TOKYO, SEPT. 26 -- The once highflying Tokyo stock market plunged again today as fears over the Persian Gulf situation caused share prices to sink to their lowest level since early 1988.
The Nikkei stock index fell 1,108.70 points -- or 4.75 percent -- in what analysts described as panic selling by individual investors. The 225-share index closed at 22,250.62, the lowest since Jan. 5, 1988, when it stood at 21,575.28. Trading volume was moderate and big institutional investors were apparently not involved in the selling. But the drop was a dramatic reminder of the worrisome slide in Japanese stocks that has seen the Nikkei index lose nearly 43 percent of its value since the beginning of this year. Of that loss, about 28 percent has occurred since the Iraqi invasion of Kuwait.
The market continued its decline on thin volume in trading Thursday with the Nikkei losing another 1 percent of its value to close the morning session at 22,027.87. At one point, the market had dived over 700 points, or more than 3 percent, before rebounding. Traders blamed the drop on new Iraqui threats combined with higher oil prices and the decline in New York stocks.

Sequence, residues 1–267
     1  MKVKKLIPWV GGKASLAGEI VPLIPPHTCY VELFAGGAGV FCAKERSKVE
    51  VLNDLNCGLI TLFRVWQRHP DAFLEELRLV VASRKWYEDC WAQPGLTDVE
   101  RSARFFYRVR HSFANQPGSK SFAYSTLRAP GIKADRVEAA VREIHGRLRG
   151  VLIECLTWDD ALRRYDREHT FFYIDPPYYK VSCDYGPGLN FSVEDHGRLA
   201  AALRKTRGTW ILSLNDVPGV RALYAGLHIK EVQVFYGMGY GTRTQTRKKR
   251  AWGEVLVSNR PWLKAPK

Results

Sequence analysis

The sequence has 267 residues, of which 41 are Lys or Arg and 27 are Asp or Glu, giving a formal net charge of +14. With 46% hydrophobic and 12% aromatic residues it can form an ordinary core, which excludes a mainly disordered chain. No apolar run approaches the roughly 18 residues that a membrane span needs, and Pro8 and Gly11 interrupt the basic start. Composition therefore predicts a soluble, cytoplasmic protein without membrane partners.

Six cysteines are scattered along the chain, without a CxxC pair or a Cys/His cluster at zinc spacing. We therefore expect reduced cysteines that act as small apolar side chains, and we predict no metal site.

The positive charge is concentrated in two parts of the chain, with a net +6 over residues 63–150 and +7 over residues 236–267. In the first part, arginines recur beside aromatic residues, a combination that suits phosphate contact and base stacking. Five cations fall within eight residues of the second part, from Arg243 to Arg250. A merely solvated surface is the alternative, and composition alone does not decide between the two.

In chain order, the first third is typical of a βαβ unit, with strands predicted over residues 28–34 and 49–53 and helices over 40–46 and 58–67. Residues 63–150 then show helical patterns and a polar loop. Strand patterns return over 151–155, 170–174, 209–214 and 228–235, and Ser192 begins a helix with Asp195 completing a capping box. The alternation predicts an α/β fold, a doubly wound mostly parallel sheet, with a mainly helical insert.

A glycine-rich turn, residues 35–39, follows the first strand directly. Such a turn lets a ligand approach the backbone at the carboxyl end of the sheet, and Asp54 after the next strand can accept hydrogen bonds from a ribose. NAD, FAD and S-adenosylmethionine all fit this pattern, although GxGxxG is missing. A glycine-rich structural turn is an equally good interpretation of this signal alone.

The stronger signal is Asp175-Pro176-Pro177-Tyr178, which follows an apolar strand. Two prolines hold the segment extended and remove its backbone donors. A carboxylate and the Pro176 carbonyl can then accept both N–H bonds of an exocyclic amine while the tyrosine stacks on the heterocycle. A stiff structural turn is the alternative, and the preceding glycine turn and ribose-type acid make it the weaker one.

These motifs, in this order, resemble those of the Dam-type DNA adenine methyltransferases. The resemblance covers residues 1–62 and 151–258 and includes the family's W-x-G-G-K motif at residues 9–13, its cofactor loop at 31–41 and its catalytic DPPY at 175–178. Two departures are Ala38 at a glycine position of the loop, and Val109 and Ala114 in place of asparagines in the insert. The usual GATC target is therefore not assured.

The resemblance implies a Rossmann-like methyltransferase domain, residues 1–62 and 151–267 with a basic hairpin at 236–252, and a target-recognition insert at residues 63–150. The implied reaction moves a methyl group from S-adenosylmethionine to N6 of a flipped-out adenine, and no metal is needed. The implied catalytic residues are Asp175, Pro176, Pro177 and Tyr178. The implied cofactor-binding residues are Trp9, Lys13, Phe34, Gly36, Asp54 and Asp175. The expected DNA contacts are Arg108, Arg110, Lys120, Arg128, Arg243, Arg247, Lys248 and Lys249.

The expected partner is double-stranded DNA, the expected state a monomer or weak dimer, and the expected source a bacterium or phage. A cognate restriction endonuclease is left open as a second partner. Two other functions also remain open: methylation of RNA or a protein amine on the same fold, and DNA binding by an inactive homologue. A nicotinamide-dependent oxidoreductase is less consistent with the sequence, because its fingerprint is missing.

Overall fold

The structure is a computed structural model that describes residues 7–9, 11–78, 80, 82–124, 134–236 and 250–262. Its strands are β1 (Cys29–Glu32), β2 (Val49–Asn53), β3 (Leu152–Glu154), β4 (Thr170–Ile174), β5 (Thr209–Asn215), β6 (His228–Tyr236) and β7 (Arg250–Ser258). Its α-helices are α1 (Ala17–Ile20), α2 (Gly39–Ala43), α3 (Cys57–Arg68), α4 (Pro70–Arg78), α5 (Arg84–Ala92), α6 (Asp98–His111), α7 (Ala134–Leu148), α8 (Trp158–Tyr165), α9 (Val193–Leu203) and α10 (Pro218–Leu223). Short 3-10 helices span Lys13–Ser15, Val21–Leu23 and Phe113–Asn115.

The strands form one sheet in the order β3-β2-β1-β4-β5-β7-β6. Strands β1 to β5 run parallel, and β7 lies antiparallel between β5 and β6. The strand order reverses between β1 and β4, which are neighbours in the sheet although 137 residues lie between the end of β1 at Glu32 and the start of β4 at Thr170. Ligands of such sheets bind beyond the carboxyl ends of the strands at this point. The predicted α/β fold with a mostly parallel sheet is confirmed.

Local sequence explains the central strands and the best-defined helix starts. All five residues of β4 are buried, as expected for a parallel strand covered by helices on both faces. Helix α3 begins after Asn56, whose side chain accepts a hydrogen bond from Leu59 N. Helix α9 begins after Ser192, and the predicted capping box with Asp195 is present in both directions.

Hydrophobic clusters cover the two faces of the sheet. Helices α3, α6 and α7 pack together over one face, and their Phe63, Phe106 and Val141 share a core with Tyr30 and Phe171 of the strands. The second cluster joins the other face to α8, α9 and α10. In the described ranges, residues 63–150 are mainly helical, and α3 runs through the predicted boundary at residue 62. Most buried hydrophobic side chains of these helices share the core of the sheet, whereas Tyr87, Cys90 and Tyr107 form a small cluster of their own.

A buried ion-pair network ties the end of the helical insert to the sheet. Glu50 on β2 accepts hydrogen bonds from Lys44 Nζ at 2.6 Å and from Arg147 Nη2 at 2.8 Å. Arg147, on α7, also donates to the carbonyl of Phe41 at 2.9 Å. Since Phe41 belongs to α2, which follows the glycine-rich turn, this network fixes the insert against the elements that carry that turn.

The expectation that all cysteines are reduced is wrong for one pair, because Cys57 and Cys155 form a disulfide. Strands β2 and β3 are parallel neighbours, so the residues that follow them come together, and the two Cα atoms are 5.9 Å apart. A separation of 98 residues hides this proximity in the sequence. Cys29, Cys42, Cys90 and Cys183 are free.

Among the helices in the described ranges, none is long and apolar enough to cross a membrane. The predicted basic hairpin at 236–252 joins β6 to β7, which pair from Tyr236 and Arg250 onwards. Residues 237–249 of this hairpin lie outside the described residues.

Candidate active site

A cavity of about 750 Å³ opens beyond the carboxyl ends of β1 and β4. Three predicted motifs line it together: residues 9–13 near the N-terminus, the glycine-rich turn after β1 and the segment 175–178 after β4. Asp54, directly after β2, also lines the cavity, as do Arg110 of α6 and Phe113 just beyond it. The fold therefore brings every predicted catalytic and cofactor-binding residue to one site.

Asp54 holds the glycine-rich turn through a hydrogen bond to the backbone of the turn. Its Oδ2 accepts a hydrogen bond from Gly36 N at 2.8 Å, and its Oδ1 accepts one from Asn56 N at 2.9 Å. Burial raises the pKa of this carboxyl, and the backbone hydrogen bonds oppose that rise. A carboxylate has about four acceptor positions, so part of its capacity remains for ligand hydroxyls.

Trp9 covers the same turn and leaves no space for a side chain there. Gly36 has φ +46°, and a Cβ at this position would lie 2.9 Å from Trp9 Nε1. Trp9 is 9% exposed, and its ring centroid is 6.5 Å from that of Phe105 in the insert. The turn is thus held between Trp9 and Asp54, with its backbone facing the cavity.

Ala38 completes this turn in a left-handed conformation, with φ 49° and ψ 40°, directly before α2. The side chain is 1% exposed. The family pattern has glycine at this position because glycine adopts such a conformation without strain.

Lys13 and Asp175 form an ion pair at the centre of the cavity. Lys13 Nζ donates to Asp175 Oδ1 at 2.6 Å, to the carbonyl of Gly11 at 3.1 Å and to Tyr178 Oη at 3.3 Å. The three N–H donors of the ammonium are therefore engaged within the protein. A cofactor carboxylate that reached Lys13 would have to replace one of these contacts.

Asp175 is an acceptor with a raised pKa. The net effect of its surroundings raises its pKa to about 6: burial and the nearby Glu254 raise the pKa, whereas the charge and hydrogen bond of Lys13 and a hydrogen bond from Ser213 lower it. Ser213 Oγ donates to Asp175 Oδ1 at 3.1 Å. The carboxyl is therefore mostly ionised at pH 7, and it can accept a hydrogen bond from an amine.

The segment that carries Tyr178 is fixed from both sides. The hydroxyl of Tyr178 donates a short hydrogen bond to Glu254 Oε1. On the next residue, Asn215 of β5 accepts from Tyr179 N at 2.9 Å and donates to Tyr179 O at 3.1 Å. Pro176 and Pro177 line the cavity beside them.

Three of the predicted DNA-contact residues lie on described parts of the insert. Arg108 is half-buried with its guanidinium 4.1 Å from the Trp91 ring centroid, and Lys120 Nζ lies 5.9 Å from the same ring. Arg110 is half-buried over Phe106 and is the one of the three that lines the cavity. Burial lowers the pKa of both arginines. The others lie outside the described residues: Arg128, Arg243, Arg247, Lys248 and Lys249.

The market's woes have stirred concerns that the Japanese economy, which has weathered the Persian Gulf storm so far, may grind to a halt in coming months because Japan's banks are suffering severe losses on their stock holdings.
The losses are likely to force the banks to curtail their lending activity, many analysts fear, especially in light of the fact that the banks are already struggling to meet new international standards of financial soundness.
In the United States, the Tokyo market's fall also has intensified fears that the flow of Japanese investment funds -- which has buoyed the U.S. economy during its current expansion -- may dry up.
Economists worry that big Japanese insurance companies and banks, which have already begun selling some of their U.S. stocks and bonds, may dump even more if they find they must cover losses they are suffering in their home country.
Behind the most recent deterioration in the market is concern over the mounting prospect of war in the Persian Gulf. Japan is almost totally dependent on imports to meet its oil needs, and about 70 percent of its oil comes from the Middle East.
The relatively modest amount of selling pressure today -- volume was about 350 million shares, up from 230 million the previous day -- led some analysts to speculate that the market could turn up again, at least temporarily. The Nihon Keizai Shimbun, Japan's national business newspaper, noted that "a rebound is not unusual following such a fast drop" in share prices. But the newspaper also said that "there is still selling pressure in the psychologically chilled market."